7. (2 pts.) The biggest obstacle to a successful suit for federal copyright infringement by the Concord Police Department against the magazine is:
(a) The inability of a municipal agency to be an author under § 105.
(b) The fact that the Chief s oral responses were a performance and, so, are not fixed for purposes of copyright protection.
(c) The fact that the Chief s oral responses were not broadcast live at the time of the interview.
(d) All of the above.
(e) None of the above.
Fact Pattern for Question 8
Greta Garbled was a star of the silent film era in the early 1900's. She had a talent for physical comedy and has often been compared favorably by historians to film legend, Charlie Chaplin. Although exceptionally long-lived, Greta passed away last year, and, Turner Enterprises decided to put together a 30-minute montage for television of her more memorable moments in film. The clips that Turner Enterprises used to create the television special on Greta were all taken from films in the public domain. The television special aired on a Monday night but was missed by many sports-minded film buffs who watched Monday Night Football instead. ABC copied the broadcast without Turner Enterprises' authorization and rebroadcast the montage portion of the special on a Tuesday night.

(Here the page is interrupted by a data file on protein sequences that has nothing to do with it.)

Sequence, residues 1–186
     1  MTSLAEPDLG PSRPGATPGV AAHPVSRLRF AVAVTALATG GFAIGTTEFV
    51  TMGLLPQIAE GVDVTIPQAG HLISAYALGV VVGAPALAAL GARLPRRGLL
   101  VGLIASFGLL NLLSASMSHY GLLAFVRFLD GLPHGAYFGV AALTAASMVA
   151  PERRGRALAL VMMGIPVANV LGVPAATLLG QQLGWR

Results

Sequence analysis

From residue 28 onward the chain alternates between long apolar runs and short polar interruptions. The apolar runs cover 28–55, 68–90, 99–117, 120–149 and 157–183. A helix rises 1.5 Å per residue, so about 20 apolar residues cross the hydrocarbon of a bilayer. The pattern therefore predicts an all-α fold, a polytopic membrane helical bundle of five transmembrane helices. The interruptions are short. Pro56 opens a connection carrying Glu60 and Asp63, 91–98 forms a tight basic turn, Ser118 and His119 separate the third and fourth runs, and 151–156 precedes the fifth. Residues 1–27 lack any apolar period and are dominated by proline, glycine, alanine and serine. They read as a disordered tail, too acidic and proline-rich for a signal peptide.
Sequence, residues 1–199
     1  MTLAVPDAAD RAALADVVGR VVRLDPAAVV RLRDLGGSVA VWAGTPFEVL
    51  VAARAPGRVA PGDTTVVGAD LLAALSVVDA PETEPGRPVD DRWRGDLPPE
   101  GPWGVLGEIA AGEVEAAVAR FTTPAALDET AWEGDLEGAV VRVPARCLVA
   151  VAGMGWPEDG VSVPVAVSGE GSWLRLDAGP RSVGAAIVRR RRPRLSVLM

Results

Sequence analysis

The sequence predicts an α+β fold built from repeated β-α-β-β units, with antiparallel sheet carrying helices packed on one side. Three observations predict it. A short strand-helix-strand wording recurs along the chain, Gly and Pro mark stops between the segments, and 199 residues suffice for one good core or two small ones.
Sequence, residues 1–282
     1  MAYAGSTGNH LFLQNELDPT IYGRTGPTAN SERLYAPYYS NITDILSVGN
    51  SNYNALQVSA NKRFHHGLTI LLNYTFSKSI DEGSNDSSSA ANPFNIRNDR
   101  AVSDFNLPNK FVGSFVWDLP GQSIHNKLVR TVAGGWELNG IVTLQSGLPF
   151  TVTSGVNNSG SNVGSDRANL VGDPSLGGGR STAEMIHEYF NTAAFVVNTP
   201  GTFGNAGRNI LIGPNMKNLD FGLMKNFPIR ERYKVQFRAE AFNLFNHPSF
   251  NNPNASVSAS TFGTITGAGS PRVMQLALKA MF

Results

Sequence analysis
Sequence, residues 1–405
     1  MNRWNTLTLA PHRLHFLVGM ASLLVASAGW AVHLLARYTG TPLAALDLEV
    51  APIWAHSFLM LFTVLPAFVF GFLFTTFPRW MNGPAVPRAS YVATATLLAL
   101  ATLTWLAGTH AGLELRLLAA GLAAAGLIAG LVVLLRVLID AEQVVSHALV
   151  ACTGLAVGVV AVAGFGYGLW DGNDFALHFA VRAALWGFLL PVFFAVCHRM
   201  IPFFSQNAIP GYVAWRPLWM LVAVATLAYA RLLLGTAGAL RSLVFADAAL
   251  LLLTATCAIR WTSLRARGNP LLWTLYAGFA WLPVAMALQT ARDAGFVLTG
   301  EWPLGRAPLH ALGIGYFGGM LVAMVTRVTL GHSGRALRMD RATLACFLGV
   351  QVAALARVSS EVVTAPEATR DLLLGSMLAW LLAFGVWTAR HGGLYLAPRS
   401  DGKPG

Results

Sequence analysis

8. (2 pts.) Turner Enterprises will prevail in a suit for copyright infringement against ABC if it proves:
(a) that the editing of the film clips evidences originality in the choice and sequencing of the clips.
(b) that the montage constitutes a copyrightable compilation.
(c) the elements missing from the phone books at issue in Feist Publications, Inc. v. Rural Telephone Service.
(d) All of the above.
(e) None of the above.
Section H (Short Answer): Please confine your responses to the lined area. Do not cite case law.
9. (4 pts.) Congress has enacted sui generis protection to prohibit unauthorized copying of certain forms of useful articles, such as mask works and boat hull molds. Why did Congress legislate copyright protection for architectural works as opposed to sui generis protection from copying?
10. (4 pts.) What two requirements of copyrightability are mandated by Art. 1, section 8, clause 8, of the U. S. Constitution?
____________________________ and _______________________________
(2 pts.) What established doctrine in copyright law underlies the U. S. Copyright office's blank forms rule?
12. (4 pts.) Under § 10 1, and
comprise all the material objects in which works of authorship are capable of being